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A Santa Maria couple filed a Nov. 5 federal lawsuit against Santa Barbara County Child Welfare Services over placing a foster child accused of prior sexual assaults into their home. 

A Santa Maria couple that runs a family care center has sued Santa Barbara County Child Welfare Services for placing a foster child into their home who had been accused of sexually assaulting other children, according to a lawsuit filed last month in Los Angeles federal court. 

In the lawsuit filed Nov. 5 in the U.S. District Court for the Central District of California, Ronnie and Jamee Baker accuse Child Welfare Services officials of placing a male juvenile, identified as "J.B.," who allegedly sexually assaulted children at the couple's home in separate incidents beginning in 2018.

The juvenile allegedly assaulted at least two children, including a third party minor who attended their care center and the couple's foster child, Egan Miller-Baker, who is now an adult and identified as a third plaintiff, according to the lawsuit.

Additionally, the couple accuse officials of negligence by failing to disclose J.B.'s history of sexual assault in prior foster homes, civil rights violations and violations of the Federal Adoption Assistance and Child Welfare acts.

Defendants in the lawsuit include CWS employees identified as Does 1 through 10, who acted in managerial, supervising and policymaking positions within the County's Department of Social Services. 

Contacted by phone, county officials did not immediately provide a comment on the lawsuit. 

The Bakers demand a jury trial, attorneys fees, costs of the lawsuit and damages, including past and future loss of earnings.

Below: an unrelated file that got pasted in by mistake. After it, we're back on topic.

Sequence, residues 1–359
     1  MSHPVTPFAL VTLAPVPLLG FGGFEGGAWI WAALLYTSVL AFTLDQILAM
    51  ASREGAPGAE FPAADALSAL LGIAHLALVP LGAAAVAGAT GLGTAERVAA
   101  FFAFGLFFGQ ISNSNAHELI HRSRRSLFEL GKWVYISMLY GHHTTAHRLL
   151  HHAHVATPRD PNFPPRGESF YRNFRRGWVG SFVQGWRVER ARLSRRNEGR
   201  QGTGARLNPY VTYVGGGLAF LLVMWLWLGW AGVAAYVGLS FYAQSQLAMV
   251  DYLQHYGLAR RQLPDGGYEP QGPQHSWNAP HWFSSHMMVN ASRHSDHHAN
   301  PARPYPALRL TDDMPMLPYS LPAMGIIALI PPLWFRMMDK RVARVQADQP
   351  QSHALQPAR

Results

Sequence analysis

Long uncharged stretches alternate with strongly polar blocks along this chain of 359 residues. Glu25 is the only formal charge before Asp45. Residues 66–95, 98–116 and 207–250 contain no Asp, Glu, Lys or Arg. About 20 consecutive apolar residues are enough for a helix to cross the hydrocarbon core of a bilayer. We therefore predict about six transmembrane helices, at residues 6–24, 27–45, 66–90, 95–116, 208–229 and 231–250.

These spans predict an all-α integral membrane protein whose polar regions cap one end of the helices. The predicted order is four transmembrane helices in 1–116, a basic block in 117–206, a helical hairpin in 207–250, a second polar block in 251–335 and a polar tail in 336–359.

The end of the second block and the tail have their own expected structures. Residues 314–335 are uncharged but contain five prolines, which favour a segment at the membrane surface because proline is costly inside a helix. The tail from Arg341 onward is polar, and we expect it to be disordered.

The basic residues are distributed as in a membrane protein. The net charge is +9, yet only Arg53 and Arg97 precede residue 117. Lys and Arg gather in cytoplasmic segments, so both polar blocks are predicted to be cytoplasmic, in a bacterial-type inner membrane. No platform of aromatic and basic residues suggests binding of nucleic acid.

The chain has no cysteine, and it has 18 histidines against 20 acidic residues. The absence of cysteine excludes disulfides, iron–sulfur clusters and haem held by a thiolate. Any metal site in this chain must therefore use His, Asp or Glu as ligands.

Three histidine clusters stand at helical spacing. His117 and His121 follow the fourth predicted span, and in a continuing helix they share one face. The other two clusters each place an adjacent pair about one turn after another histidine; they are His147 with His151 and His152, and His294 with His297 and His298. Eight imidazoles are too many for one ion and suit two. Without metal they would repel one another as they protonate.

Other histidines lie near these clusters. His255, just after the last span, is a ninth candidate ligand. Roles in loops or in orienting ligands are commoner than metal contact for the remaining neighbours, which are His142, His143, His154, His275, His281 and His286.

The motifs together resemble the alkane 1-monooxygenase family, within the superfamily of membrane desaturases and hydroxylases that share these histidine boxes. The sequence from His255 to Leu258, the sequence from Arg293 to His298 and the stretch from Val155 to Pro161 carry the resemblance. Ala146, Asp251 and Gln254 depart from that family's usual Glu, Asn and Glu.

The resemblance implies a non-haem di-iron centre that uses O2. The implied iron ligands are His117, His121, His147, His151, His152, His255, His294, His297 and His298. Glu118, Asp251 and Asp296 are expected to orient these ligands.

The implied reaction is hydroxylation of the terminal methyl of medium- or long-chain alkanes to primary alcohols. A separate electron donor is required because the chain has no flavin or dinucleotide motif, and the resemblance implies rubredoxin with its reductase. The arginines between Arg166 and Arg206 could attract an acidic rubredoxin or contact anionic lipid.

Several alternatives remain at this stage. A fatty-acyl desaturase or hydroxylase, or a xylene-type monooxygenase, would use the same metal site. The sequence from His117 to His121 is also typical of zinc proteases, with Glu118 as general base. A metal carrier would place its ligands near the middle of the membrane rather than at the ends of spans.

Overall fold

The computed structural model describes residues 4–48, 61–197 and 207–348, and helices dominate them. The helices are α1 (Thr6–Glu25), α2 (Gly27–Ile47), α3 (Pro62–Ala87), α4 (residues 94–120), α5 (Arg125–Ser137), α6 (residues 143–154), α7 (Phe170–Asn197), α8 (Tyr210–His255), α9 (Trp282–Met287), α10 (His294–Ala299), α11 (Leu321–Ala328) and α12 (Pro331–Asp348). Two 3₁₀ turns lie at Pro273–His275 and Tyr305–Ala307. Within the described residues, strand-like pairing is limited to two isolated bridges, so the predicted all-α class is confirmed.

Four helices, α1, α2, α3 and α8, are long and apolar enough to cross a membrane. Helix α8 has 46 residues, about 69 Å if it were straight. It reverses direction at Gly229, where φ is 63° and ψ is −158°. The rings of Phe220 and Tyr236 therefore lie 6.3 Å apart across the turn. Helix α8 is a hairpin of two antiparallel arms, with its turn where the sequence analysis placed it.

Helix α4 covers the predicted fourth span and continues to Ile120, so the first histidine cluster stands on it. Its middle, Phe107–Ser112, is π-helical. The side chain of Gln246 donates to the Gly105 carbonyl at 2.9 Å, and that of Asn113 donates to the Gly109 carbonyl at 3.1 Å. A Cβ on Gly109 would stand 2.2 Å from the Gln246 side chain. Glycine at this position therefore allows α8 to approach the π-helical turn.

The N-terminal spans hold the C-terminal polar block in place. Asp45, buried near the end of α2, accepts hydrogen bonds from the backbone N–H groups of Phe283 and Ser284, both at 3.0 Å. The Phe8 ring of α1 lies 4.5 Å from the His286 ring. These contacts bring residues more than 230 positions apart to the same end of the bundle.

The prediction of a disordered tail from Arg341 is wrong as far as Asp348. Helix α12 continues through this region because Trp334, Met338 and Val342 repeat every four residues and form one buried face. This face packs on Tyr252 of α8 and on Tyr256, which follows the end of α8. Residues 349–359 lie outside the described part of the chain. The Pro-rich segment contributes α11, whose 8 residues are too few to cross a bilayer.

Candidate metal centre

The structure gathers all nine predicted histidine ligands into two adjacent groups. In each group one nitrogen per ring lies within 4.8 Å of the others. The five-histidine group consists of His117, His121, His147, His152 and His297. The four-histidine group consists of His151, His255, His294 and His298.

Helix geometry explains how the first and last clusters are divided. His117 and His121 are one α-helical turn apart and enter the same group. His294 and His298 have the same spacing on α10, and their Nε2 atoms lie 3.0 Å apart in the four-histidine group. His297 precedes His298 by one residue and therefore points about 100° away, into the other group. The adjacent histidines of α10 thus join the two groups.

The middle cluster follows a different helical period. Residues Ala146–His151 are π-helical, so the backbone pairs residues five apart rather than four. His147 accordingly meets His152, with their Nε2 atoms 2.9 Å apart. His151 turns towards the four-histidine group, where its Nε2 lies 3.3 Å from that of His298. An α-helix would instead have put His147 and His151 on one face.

The Bakers operate a family child care center whose license status is listed as being on probation, according to state records. The couple did not return phone calls seeking comment. 

Prior to adopting J.B., the Bakers gave specific requirements for foster children that could be placed with them in order to protect other children in the home, according to the lawsuit. 

Federal law requires that child welfare caseworkers keep detailed records of foster children and provide families with updated copies of their records when they are placed into homes, including whether they suffered past abuse in other foster homes. 

In addition, caseworkers were required to disclose that J.B. was sexually abused while with his biological family and that there were complaints he had allegedly sexually assaulted children in other foster homes. 

"[The Bakers] specifically informed [county officials] that they were willing to deal with mild to moderate behavior issues, but were not willing to consider children with sexual abuse issues or with behavioral/emotional issues," according to the lawsuit. 

After the first alleged sexual assault, the Bakers' childcare center was shut down as a result of the investigative process following a report in April 2018 that J.B. assaulted a female child. 

In November 2019, Egan-Miller informed the Bakers that J.B. allegedly sexually assaulted him at home and would kill him if he told anyone. 

"The County placed J.B. with Mr. and Mrs. Baker despite knowing that J.B. posed a significant threat to Miller-Baker and the [children]," according to the lawsuit.

J.B. was removed from the home, even though he is still the Bakers' adopted child. 

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